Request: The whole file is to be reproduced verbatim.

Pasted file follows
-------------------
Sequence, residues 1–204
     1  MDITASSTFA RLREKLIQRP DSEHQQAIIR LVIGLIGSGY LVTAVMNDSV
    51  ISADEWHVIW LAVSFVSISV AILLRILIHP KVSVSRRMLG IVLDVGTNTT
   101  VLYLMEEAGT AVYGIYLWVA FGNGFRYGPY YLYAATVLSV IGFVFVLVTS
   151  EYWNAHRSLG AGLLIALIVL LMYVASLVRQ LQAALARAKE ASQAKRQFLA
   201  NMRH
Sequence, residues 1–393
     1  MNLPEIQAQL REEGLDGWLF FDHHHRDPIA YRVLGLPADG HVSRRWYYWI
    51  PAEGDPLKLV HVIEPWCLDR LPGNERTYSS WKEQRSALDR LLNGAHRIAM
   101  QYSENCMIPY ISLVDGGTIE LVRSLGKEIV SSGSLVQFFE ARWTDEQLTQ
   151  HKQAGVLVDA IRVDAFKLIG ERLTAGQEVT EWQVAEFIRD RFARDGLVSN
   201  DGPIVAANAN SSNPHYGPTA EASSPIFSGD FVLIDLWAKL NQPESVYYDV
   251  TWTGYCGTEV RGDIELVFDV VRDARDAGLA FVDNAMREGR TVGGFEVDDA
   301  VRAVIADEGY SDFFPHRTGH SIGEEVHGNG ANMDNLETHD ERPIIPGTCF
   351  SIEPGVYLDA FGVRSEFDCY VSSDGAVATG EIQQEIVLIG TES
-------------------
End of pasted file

Sequence, residues 1–204
     1  MDITASSTFA RLREKLIQRP DSEHQQAIIR LVIGLIGSGY LVTAVMNDSV
    51  ISADEWHVIW LAVSFVSISV AILLRILIHP KVSVSRRMLG IVLDVGTNTT
   101  VLYLMEEAGT AVYGIYLWVA FGNGFRYGPY YLYAATVLSV IGFVFVLVTS
   151  EYWNAHRSLG AGLLIALIVL LMYVASLVRQ LQAALARAKE ASQAKRQFLA
   201  NMRH
Sequence, residues 1–393
     1  MNLPEIQAQL REEGLDGWLF FDHHHRDPIA YRVLGLPADG HVSRRWYYWI
    51  PAEGDPLKLV HVIEPWCLDR LPGNERTYSS WKEQRSALDR LLNGAHRIAM
   101  QYSENCMIPY ISLVDGGTIE LVRSLGKEIV SSGSLVQFFE ARWTDEQLTQ
   151  HKQAGVLVDA IRVDAFKLIG ERLTAGQEVT EWQVAEFIRD RFARDGLVSN
   201  DGPIVAANAN SSNPHYGPTA EASSPIFSGD FVLIDLWAKL NQPESVYYDV
   251  TWTGYCGTEV RGDIELVFDV VRDARDAGLA FVDNAMREGR TVGGFEVDDA
   301  VRAVIADEGY SDFFPHRTGH SIGEEVHGNG ANMDNLETHD ERPIIPGTCF
   351  SIEPGVYLDA FGVRSEFDCY VSSDGAVATG EIQQEIVLIG TES